Film Review: ‘The Source Family’ Reveals a Communal Past

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CHICAGO – What did you do during the 1970s, Daddy? After this Father’s Day, many adult kids might be asking that question after seeing “The Source Family.” This documentary is about a commune that began in California (naturally) in the 1970s, even after the infamous Manson Family.

HollywoodChicago.com Oscarman rating: 3.5/5.0
Rating: 3.5/5.0

The documentary, produced by Isis Aquarian – a former member of the “family,” – explores chronologically the development of the commune, which includes its charismatic leader Father Yod (AKA Jim Baker). It’s fascinating because it is so separated from our post techno society. People were searching for a different way of life post the revolution of the 1960s, and a wealthy restauranteur with a strange past was able to convince a large number of men and women to come into his realm. As in many situations, it’s ‘coveting thy neighbor’s wife’ that exposes the flaw in the utopia, but it does conclude in a fairly astounding way. Although fairly standard as a non-fiction narrative, it will interest anyone wanting to know more about those psychedelic days.

In the mid-1960s, Jim Baker emerges from a middle aged cocoon as a wealthy restaurant owner to tune in, turn on and drop out. He meets a 19 year-old flower child, and eschews his capitalist life to indulge in the Swingin’ 1960s. This leads to one of the first natural health food eateries in California, called “The Source,” which becomes a centerpiece for a new commune that is developing from the workers at the restaurant.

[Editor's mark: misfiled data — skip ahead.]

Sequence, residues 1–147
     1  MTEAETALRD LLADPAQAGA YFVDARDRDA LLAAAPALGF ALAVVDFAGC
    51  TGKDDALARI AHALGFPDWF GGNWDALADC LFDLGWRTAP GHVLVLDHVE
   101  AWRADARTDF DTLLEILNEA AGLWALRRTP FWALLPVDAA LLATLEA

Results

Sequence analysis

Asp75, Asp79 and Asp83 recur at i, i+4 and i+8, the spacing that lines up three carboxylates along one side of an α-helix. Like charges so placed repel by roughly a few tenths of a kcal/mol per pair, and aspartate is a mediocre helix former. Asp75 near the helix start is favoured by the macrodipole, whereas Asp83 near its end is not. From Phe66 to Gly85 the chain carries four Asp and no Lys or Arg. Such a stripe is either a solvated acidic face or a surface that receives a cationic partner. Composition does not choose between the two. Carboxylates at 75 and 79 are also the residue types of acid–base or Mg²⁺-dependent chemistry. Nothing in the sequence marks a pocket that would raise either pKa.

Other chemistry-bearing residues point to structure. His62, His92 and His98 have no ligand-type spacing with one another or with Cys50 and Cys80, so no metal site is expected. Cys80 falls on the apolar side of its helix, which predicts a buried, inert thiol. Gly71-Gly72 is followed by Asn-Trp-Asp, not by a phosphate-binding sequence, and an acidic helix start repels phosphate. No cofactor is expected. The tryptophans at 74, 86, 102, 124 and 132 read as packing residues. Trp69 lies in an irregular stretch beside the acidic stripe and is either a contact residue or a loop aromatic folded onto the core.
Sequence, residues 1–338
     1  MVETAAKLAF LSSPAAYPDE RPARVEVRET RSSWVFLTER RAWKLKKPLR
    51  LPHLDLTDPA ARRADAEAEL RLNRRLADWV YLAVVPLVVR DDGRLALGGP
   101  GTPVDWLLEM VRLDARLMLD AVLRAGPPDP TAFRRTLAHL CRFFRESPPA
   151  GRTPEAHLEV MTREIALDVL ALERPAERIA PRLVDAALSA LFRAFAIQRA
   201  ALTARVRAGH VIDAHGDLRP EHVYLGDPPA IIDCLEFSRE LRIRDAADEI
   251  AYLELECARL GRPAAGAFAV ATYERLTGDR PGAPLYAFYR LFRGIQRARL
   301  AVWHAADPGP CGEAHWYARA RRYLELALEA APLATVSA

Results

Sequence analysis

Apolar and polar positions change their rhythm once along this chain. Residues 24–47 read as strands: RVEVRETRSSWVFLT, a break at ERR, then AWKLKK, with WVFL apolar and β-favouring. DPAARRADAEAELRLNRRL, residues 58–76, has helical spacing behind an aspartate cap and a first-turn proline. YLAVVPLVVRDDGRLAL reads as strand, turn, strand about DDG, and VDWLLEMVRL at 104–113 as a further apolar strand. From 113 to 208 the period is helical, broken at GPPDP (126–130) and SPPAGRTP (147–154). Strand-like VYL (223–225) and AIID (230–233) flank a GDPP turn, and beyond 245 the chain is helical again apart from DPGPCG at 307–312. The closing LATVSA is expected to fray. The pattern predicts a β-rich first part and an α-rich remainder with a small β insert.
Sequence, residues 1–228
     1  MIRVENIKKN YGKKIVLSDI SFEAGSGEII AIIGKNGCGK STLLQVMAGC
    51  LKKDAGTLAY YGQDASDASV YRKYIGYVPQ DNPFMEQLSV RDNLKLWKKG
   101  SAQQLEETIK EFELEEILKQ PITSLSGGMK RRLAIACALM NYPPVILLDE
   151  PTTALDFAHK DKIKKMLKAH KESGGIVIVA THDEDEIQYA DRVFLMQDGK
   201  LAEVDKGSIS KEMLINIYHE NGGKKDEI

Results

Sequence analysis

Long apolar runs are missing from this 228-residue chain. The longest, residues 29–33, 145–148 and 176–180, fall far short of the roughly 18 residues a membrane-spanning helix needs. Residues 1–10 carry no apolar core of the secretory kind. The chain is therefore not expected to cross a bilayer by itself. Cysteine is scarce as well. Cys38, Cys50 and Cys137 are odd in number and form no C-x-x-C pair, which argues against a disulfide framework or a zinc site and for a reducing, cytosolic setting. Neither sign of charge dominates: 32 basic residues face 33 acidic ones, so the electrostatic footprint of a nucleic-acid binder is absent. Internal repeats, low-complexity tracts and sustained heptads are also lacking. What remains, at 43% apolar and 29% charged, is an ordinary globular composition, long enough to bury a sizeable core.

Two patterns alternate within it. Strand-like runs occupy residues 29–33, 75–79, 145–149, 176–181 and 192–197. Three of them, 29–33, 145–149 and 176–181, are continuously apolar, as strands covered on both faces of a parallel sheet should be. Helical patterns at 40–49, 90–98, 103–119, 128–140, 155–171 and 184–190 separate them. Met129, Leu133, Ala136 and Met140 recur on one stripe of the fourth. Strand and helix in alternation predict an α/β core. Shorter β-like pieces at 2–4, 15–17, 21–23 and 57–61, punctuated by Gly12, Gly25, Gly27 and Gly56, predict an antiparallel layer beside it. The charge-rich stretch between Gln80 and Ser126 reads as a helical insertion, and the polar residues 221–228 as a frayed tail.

In 1970, Jim Baker renames himself Father Yod, and combines yoga, eastern mysticism and a hippie ethos in forming a new extended family. The live in a closed and communal society, and there are written commandments that supposedly will create a utopia. A move to Hawaii and the dissolution of monogamy – Father Yod at one point collects 13 wives – creates a rift in the collective and forces an ultimate changing of the guard.

“The Source Family” continued its limited release in Chicago on June 14th. See local listings for theaters and show times. Written and directed by Maria Demopoulos and Jodie Willie. Not Rated.

StarContinue reading for Patrick McDonald’s full review of “The Source Family”

Jim Baker
The Eyes of Yod: Jim Baker AKA Father Yod in ‘The Source Family’
Photo credit: Drag City

StarContinue reading for Patrick McDonald’s full review of “The Source Family”

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